• Renewed tension in Jerusalem neighborhood: Tensions have reignited in the Sheikh Jarrah neighborhood after a night where Palestinians and Jewish settlers threw stones, chairs and fireworks at each other. Forced evictions of Palestinians in the contested East Jerusalem neighborhood ignited the protests and 11-day war last month, which killed hundreds and left more than 100,000 civilians displaced. The Red Crescent reports that it is treating 20 Palestinians for injuries in the latest clashes.

• Myanmar military and resistance group clash: The Myanmar military and an anti-junta resistance force clashed in the country's second largest city, Mandalay. This is the first time direct fighting between the junta and breakaway security forces has occurred outside of small towns and villages.

• Rights group calls on UN to increase pressure for Ortega regime: After a series of politically motivated arrests in Nicaragua, including that of a fifth presidential candidate and the former first lady, Human Rights Watch will release a report calling on the United Nations to condemn the regime of President Daniel Ortega.

• UNESCO: Great Barrier Reef "in danger": The UN cultural and preservationist body has recommended that the Great Barrier Reef be added to the list of world heritage sites that are "in danger," as the reef has seen mass bleaching due to climate change. The Australian government is "strongly opposed" the recommendation.

• First NFL player comes out as gay: Carl Nassib, a defensive lineman for the Las Vegas Raiders, shared a video on social media publically declaring that he is gay, making him the first active player to do so in the league's 101-year history.

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All together on the streets of Stockholm
Carl-Johan Karlsson

Sweden's Economy v. World On Lockdown

Not surprisingly, early indicators point to a less bleak future for Sweden's still-open economy than for that of its European counterparts. A recent study by Swedbank shows that private consumption in Sweden shrank 17% between April 6 to April 19 compared to the same period last year, while revenue from hotel and restaurants was down 50%. Swedbank's chief economist Andreas Wallström, commented in daily Svenska Dagbladet that the economy is bleeding, but not to the extent as in countries where strict lockdowns were put in place.

In Norway, unemployment has shot from 5% to 10% since mid-March, while Sweden has seen only a 1% increase to 8% since late February. Meanwhile, in harder-hit countries such as Spain, the unemployment rate, which ended 2019 at 14%, is now expected to climb to nearly 21% in 2020, reports Spanish daily El Pais. Meanwhile, the International Monetary Fund predicts a drop in Spanish GDP of 8%, a drastic turn from the solid growth of 2% in 2019, while similar forecasts of an 8% drop in Portugal, Latvia and Lithuania, while in Italy and Greece, the IMF predicted the fall will be even greater: 9.1% and 10%, respectively.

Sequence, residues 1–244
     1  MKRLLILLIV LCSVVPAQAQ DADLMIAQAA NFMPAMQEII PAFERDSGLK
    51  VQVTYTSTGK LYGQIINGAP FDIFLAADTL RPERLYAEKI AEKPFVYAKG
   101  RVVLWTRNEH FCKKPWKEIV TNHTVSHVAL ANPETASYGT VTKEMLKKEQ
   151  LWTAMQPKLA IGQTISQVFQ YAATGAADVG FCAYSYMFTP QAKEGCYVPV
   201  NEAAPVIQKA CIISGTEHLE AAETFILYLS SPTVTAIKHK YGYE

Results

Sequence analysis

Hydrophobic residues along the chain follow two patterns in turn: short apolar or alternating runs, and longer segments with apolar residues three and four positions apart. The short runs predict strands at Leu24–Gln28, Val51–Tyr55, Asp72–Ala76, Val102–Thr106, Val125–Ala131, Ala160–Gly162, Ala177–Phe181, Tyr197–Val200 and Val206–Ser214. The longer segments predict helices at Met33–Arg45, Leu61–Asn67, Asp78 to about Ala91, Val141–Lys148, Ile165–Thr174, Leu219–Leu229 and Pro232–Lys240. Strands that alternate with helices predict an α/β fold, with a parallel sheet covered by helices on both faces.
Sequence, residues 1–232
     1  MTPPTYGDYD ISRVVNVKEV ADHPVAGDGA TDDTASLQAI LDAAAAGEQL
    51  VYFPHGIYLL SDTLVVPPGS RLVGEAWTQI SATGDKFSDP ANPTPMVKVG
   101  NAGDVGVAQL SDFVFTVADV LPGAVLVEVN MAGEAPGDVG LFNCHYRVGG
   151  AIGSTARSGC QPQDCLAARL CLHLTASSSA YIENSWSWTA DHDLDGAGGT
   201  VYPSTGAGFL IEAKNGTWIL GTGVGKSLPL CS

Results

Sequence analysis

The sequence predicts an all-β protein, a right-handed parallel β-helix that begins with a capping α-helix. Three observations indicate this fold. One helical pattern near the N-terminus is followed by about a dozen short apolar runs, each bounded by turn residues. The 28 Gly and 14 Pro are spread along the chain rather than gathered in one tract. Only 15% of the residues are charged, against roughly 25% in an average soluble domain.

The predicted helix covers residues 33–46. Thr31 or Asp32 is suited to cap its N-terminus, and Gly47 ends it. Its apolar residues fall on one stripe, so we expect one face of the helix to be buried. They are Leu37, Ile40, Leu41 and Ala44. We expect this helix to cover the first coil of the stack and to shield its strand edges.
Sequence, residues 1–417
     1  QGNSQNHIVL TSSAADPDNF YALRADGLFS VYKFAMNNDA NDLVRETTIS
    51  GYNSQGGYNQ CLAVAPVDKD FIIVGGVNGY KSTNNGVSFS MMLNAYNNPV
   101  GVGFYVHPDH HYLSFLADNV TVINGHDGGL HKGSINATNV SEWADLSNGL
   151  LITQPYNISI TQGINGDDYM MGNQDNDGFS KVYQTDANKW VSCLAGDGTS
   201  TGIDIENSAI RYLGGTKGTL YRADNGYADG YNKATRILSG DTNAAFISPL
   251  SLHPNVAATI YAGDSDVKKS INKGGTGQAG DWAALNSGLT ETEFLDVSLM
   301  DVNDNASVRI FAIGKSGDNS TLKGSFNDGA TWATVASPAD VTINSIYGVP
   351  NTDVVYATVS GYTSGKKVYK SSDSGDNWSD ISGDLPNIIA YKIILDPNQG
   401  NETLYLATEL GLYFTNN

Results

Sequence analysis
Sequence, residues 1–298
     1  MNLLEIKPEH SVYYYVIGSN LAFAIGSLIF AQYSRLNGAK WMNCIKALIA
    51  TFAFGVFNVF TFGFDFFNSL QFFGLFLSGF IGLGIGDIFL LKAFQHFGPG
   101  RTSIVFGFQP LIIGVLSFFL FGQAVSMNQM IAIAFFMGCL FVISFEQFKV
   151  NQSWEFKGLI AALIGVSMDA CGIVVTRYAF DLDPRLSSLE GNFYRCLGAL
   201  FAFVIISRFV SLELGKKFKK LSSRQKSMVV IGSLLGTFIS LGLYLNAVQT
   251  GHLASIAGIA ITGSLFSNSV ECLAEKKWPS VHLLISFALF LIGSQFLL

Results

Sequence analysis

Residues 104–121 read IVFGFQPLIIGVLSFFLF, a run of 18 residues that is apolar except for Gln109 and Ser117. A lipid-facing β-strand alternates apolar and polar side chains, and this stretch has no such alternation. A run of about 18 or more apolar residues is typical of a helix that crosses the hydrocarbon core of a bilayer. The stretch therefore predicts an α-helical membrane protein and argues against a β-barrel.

We now live in an economy that is both infinitely more dynamic and geographically interconnected.

Still, early indicators offer little guidance for what to expect for the future, and tell us even less about the extent to which lockdowns should be held accountable for current economic impacts. Norway, as an example, might be seeing a steeper rise in unemployment rate than Sweden due its heavily oil-dependent economy, while countries like Spain and Portugal are almost certainly suffering worse downturns due to its already frail economies, which could crumble further if the summer tourist season is effectively canceled.

Other unknowns include how a possible second wave of COVID-19 would affect countries with different degrees of lockdowns, and the corresponding pace of post-pandemic recovery. A recent study led by two economists with the U.S. Federal Reserve shows that while areas most affected by the 1928 flu pandemic saw a persistent decline in real economic activity, cities that implemented early and stringent social distancing measures suffered no adverse economic effects over the medium term, but rather saw a relative increase in real economic activity after the pandemic subsided.

Still historical analogies have their limits: We now live in an economy that is both infinitely more dynamic and geographically interconnected, and while some national responses may emerge as blueprints for others, the global economic impact of the crisis will be just that — global.

Outside in Stockholm
Carl-Johan Karlsson

Sweden And Herd Immunity: Simple Math Or Plain Madness?

Sweden's lax regulation during the coronavirus crisis continues to perplex the outside world.

From Italy, one of the hardest hit countries and the first in Europe to impose strick lockdown measures, this is how the contrast with Sweden looks: "We're inside our homes and they're not. Our schools are closed and theirs stayed open. We can't go out and exercise, they can," begins an article in Milan-based daily Corriere della Sera. "Are these Swedes crazy? No, say the Swedes, you're the crazy ones."

Even reporters from its Nordic neighbors — where heavy restrictions were imposed last month — are perplexed, with a Danish journalist describing the Swedish strategy like "watching a horror movie," as the death toll in Sweden is four times higher than in Denmark, surpassing 1,300 on Friday. Meanwhile Norwegian and Finnish newspapers have reported on their respective populations' fears of being infected by Swedes crossing the border.